Daily Digest

New West Virginia bill preserves state coal mine inspections

COAL: A new bill unveiled Thursday in a West Virginia Senate committee is a retreat from previously proposed legislation that would have eliminated almost all authority over the state’s coal mines. (Charleston Gazette-Mail)

ALSO: 
• Numbers released Thursday show population declines in West Virginia’s southern coal-producing counties led to an overall drop in the state’s population last year. (Associated Press)
• Officials are investigating a coal slurry leak into a stream in West Virginia that is thought to have come from a pipe at a nearby plant. (Charleston Gazette-Mail)

COAL ASH:
• A federal judge ruled Thursday that arsenic flowing from a Dominion Virginia Power coal ash site violates the Clean Water Act, but did not to impose penalties or mandate how the violation should be addressed. (Richmond Times-Dispatch)
• As coal ash continues to be imported into the Southeast for use in concrete, Virginia lawmakers pursue policies to make it more viable to recycle local ash. (Associated Press)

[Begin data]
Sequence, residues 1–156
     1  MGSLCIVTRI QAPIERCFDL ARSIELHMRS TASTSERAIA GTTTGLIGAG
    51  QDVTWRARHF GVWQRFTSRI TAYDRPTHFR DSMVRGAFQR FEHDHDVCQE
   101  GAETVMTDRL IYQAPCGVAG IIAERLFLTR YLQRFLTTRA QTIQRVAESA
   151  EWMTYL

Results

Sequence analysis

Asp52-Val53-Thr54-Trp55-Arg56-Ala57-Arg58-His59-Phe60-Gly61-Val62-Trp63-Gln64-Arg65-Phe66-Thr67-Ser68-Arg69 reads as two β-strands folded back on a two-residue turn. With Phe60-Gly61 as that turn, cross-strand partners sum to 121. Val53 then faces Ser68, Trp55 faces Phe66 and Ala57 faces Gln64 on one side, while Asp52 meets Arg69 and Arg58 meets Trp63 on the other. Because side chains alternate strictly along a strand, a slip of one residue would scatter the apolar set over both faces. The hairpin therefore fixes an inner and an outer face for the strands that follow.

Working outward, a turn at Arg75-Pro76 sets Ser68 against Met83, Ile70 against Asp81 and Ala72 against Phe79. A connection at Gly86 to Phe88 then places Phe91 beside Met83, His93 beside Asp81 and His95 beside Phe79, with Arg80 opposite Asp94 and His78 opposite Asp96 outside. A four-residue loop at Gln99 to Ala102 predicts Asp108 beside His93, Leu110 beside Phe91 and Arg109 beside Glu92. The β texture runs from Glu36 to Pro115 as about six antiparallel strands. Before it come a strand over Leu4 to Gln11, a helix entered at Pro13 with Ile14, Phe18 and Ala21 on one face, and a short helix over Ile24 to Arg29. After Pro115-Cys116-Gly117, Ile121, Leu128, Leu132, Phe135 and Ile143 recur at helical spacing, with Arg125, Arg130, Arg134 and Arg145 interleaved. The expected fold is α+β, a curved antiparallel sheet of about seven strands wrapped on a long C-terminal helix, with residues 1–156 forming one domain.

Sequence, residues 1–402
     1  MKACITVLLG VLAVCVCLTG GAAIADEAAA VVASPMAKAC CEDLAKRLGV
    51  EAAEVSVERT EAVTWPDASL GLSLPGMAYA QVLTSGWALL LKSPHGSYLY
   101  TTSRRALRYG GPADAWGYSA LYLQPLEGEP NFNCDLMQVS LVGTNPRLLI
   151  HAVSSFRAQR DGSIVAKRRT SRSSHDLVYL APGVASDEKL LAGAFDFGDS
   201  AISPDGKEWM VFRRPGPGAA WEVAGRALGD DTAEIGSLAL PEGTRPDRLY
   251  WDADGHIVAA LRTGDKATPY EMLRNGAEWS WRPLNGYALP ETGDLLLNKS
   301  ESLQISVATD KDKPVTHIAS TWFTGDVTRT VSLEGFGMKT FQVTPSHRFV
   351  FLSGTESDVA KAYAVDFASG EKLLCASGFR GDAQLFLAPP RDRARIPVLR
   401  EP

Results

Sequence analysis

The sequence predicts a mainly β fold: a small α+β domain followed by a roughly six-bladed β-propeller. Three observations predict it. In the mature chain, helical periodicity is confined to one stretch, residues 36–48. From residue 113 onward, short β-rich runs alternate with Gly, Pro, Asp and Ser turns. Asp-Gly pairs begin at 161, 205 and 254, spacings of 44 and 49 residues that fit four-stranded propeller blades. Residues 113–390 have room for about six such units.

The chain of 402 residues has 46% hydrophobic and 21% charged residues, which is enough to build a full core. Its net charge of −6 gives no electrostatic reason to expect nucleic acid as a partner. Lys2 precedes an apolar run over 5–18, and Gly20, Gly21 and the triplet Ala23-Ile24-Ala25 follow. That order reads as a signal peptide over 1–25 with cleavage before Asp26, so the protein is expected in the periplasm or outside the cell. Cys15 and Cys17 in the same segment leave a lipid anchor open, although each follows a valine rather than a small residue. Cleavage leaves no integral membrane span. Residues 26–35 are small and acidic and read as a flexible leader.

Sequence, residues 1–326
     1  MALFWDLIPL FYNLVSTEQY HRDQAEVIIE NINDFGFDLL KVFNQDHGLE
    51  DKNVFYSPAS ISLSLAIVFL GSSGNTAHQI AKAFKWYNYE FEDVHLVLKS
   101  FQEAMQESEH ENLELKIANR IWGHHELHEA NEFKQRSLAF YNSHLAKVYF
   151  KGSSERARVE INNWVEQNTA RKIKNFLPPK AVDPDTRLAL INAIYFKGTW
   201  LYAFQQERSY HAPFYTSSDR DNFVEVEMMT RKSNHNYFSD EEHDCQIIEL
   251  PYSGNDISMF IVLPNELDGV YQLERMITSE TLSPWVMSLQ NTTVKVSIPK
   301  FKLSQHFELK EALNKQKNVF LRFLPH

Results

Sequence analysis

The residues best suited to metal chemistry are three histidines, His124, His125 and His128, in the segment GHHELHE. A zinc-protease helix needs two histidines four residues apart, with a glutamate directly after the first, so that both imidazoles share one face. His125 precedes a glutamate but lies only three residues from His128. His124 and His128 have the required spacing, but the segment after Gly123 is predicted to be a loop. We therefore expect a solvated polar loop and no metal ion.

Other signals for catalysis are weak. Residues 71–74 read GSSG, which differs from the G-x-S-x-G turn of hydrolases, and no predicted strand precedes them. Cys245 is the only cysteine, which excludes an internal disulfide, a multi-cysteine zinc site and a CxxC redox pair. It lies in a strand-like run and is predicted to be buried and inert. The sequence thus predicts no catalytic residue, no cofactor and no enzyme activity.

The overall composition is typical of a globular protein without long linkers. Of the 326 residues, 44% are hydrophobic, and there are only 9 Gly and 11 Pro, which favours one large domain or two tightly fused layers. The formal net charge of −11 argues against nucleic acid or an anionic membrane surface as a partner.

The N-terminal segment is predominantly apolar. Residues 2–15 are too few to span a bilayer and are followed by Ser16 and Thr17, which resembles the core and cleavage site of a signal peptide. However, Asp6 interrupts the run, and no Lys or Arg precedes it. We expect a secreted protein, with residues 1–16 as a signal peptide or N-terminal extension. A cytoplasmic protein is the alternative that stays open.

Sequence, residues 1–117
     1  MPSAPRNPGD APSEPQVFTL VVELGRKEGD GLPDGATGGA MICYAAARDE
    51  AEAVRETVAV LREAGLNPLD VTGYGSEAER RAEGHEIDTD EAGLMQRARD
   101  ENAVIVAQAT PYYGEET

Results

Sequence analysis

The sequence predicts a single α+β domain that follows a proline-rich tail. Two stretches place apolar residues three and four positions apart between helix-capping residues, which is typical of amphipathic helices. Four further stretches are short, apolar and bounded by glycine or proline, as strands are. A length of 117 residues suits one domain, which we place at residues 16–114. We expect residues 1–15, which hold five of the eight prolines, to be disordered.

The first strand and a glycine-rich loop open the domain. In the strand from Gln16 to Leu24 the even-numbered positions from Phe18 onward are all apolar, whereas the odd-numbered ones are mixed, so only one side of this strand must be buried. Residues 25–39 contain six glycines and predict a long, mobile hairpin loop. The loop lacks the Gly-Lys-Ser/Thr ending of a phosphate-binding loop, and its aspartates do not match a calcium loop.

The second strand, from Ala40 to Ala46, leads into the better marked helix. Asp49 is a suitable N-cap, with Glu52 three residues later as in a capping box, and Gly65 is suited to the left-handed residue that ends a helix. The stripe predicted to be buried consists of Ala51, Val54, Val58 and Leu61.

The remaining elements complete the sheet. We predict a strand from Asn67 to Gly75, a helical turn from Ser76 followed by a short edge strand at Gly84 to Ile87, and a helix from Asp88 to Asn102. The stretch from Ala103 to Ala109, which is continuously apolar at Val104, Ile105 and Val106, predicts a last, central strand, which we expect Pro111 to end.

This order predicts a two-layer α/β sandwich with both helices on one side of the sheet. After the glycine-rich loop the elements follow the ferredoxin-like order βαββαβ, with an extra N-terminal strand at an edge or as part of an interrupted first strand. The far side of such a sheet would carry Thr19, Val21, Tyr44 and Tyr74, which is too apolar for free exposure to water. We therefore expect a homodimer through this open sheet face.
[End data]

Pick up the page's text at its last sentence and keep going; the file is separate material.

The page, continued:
• The Tennessee Valley Authority is seeking public comment for its proposed dewatering facility for bottom ash as part of its commitment to convert from wet to dry storage of ash. (The Chattanoogan)

NUCLEAR: Toshiba’s financial problems may impact the ratings of municipal bonds tied to new nuclear reactors in Georgia and South Carolina. (Bloomberg)

SOLAR:
• Work is halfway complete on a major solar array at Eglin Air Force Base in Florida. (Pensacola News Journal)
• A new North Carolina solar array is helping offset carbon emissions at MIT. (MIT News)

CLEAN ENERGY: Abita Springs has become the first city in Louisiana to commit to a full transition to renewable energy. (Times-Picayune)

POLITICS: North Carolina conservative climate activist Jay Faison says he is not worried about the Trump administration: “there are a lot of other things happening that don’t depend on the White House. You need to look beyond the headlines.” (Weekly Standard)

COMMENTARY:
• The publisher of prominent Florida political blogs says questionable practices by some companies reveal a “dark side” to solar in the state. (Florida Politics)
• Gainesville, Florida, “does it right” by subsiding energy efficiency upgrades in older homes rather than electric vehicles. (The Gainsville Sun)
• Toshiba’s financial meltdown reveals “the real problem with nuclear plants: They cost too much.” (Houston Chronicle)
• Whether the Kemper “clean coal” plant is a good investment depends on what happens next with natural gas prices. (Hattiesburg American)

Comments are closed.